The Islamic State group have destroyed several sites in Iraq. They believe any shrines or statues implying the existence of another deity are sacrilege and idolatry and should therefore be destroyed.
IS attacks on historical sites include:-
- JANUARY – The ransacking of the central library in the Iraqi city of Mosul, burning thousands of books
- FEBRUARY – The destruction of ancient artefacts in the central Museum of Mosul.
- MARCH – explosives and bulldozers used in Nimrod, one of Iraq’s greatest archaeological treasures. Shortly after they destroy ruins at Hatra
The AAAS Geospatial Technologies Project recently released satellite imagery confirming that Nebi Yunis, the tomb of the Prophet Jonah in Mosul, Iraq was obliterated by Islamic State last year.
They are of course selective in their destruction, they are looting and selling the majority of the artefacts to fund ISIS. Authorities in New York have recently taken custody of £72 million worth of art.
The illegal trade in the Middle East is the major source of funding for IS and pressure is mounting for a tougher global response.
On several occasions over the past few months, whenever I post an article on twitter regarding Palmyra, I am questioned on why I get angered over this destruction when people are dying?
My answer is simple; both are important. As a person, I am outraged and saddened by the destruction of human lives. But, in my role as a historian, I have a duty to share the significance of archeological artefacts and a priceless heritage site being destroyed by sheer ignorance.
Syria is watching as its cultural heritage is vandalised, looted and destroyed while volunteers are doing what they can to document the damage and save the countries cultural identity from obliteration.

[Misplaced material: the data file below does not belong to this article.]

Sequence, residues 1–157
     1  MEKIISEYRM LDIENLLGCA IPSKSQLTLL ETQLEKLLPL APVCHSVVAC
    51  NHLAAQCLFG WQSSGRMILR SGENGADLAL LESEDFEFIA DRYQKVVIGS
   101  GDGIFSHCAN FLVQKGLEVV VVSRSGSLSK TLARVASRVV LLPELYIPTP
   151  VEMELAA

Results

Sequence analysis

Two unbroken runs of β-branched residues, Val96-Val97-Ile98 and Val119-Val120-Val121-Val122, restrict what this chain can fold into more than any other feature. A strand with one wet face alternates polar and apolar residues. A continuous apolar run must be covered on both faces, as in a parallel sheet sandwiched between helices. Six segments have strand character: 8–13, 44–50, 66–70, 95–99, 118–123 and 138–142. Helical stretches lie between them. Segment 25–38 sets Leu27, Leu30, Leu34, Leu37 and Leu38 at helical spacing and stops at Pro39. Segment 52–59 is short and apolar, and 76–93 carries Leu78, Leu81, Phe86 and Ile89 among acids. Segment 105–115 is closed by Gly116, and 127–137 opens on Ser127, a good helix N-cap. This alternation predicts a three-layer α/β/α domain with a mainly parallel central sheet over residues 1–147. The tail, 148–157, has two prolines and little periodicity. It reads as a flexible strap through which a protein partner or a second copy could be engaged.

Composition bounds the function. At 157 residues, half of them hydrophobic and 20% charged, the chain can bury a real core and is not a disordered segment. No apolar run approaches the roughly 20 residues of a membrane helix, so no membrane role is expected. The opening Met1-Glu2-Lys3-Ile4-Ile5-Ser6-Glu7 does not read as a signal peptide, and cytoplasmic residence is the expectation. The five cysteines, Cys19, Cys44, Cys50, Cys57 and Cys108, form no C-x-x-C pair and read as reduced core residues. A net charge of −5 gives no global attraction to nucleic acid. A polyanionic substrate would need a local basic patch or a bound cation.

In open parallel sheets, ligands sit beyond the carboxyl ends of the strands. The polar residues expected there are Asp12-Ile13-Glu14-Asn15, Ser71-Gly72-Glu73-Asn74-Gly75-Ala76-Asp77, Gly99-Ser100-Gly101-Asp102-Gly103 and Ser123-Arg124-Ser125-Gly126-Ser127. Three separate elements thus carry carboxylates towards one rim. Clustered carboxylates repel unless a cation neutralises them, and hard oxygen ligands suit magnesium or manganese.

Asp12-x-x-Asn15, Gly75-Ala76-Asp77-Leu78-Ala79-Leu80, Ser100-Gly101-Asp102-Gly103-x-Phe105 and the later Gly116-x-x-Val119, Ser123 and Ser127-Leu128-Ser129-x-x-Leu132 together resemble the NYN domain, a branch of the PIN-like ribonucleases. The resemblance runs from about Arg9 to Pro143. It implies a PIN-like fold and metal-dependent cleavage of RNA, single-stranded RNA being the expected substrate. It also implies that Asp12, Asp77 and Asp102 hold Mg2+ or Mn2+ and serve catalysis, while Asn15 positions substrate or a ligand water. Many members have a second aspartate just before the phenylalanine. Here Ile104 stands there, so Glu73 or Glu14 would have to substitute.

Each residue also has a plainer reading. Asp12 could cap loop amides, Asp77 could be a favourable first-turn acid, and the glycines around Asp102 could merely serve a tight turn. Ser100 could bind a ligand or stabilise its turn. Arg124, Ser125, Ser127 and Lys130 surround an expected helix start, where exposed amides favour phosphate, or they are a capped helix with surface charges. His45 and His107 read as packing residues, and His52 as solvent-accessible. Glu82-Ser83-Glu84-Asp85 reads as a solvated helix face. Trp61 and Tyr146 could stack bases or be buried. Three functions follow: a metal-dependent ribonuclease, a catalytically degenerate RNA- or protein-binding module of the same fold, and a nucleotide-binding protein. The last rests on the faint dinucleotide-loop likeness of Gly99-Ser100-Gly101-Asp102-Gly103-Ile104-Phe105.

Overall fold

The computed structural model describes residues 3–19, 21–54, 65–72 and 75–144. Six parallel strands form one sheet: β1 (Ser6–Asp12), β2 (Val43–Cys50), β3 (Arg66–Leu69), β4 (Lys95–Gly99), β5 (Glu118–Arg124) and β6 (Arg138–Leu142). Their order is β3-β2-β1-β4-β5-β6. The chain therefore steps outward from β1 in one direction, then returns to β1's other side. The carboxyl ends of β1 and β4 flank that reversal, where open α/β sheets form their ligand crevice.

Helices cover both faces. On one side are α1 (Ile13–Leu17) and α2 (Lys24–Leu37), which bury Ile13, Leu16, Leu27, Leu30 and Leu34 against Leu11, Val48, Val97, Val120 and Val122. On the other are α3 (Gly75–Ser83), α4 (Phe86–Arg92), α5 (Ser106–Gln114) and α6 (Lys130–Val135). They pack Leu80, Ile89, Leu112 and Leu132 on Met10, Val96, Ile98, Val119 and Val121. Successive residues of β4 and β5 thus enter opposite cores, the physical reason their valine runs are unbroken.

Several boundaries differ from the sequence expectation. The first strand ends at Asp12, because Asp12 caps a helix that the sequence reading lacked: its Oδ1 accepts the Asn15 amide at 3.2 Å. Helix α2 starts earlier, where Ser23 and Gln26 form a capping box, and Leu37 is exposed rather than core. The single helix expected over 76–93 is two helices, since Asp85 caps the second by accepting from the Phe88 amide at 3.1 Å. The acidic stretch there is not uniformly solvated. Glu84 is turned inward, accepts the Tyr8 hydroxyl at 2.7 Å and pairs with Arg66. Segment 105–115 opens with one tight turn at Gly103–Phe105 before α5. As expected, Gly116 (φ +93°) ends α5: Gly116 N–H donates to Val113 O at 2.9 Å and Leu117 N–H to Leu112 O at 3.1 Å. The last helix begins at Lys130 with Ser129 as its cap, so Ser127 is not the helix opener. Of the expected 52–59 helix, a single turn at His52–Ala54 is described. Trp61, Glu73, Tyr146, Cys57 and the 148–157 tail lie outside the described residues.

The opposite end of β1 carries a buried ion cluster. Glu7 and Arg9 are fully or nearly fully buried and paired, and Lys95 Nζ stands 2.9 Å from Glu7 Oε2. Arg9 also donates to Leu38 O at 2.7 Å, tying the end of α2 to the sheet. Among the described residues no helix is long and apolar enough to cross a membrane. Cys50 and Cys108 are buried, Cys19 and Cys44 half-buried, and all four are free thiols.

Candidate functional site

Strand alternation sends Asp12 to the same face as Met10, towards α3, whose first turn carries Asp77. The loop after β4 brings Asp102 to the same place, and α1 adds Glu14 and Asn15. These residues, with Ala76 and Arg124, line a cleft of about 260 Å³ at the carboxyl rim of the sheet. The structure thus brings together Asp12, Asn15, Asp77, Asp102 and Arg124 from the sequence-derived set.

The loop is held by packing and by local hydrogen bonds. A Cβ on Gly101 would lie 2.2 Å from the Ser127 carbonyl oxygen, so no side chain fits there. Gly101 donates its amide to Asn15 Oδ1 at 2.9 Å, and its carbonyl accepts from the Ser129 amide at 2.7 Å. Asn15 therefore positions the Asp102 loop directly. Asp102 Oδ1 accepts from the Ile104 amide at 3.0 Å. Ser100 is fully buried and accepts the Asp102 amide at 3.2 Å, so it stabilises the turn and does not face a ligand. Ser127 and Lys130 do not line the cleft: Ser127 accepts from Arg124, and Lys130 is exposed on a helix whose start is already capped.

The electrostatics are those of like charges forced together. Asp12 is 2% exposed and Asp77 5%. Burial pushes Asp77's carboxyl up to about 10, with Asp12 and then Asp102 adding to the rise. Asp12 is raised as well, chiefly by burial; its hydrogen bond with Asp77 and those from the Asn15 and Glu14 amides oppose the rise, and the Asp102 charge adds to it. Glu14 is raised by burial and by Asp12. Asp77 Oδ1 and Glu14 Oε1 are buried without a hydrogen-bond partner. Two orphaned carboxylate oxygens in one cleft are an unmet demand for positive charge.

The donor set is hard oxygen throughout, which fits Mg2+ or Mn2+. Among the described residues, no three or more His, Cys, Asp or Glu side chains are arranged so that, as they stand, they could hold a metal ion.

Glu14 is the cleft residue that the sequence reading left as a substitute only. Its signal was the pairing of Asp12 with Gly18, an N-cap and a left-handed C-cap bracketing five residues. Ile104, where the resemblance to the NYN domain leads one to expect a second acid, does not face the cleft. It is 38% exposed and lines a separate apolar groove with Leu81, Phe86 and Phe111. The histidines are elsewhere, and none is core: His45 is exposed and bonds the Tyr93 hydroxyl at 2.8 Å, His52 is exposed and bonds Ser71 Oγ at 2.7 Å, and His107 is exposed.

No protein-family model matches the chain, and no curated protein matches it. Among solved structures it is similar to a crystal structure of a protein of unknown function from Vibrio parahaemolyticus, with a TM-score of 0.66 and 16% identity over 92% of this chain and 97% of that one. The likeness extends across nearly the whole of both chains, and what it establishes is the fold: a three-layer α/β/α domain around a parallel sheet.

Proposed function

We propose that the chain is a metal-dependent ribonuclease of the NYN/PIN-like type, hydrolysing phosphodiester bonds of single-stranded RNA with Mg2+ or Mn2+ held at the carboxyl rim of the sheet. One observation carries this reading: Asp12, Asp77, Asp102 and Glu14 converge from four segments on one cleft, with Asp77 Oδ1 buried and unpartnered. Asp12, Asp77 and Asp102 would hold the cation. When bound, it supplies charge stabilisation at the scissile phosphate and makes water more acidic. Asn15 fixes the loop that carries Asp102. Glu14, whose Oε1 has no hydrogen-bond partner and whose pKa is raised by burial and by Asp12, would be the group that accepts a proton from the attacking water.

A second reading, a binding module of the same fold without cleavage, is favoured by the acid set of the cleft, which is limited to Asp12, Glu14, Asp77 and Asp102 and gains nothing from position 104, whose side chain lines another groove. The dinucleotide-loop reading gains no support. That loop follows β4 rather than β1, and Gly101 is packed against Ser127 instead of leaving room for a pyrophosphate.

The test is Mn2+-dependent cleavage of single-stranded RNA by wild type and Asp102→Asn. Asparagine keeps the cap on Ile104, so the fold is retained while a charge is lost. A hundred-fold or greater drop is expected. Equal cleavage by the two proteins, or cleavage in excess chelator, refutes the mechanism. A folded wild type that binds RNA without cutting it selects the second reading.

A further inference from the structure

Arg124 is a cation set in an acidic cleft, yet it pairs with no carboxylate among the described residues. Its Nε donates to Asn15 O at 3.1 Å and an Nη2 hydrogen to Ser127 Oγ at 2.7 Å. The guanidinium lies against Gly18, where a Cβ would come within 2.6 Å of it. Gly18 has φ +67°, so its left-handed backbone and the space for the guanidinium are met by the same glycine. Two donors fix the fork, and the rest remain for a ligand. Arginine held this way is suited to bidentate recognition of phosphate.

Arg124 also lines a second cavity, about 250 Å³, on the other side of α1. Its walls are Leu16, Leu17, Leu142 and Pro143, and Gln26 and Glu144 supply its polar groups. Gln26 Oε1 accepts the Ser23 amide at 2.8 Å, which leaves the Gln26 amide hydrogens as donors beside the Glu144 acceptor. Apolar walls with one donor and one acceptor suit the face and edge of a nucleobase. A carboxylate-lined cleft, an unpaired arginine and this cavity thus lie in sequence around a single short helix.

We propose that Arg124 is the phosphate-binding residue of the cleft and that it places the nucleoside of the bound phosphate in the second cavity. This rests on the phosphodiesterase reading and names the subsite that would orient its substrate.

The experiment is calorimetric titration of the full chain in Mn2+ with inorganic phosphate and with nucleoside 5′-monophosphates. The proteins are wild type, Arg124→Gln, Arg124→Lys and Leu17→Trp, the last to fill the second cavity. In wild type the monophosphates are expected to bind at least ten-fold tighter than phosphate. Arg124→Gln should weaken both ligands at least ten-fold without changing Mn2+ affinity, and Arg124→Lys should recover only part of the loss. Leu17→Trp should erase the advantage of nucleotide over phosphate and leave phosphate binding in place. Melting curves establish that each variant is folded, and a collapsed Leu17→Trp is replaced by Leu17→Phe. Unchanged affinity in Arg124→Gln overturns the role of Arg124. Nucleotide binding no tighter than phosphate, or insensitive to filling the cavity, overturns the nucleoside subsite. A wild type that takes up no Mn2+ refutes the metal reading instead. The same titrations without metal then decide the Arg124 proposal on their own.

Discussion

The Czech Historian, Milan Hubl once said :-
The first step to liquidating a people is to erase its memory, destroy its books, its culture and its history.
Write new books, manufacture a new culture, invent a new history. Before long the nation will begin to forget what it is and what it was
The cultural cleansing ISIS is trying to achieve deserves condemnation. We need to provide educational resources and documentary evidence to keep the rich and plural histories of Syria and Iraq alive and available, especially to those presently trapped under ISIS’ enforced umbrella of ignorance.
The international community has as much at stake. They are destroying the cultural legacy of the world – a legacy we need for future generations to enjoy and learn from. Without our historical sites and our heritage, we are orphans.
We are merely passing through history and will, all too soon, be history ourselves. In the meantime, we are history’s custodians and bear the responsibility for handing it down to future generations. We have no mandate to stand by as it is destroyed.
I found the following articles from ACADEMIA.EDU useful and recommend them for further reading:
- Review of A. & M Sartre, Zenobia, de Palmyra A Rome. by Laurent Tholbecq
- Remarks on Water Supply in Palmyra. Results of survey 2010 by Karol Juchniewicz and Marta Zuchowska
- Palmyra: Heritage Adrift: Detailed report on all damage done to the archeological site between February 2012 and June 2015 by Cheikhmous Ali
- Draft Historical Atlas of Syria, sheet 4 – Damascus to Palmyra by Ross Burns
- A Neo Classical Artist in Palmyra – Louis Francois Cassas Nicholson Musuem, by Ross Burns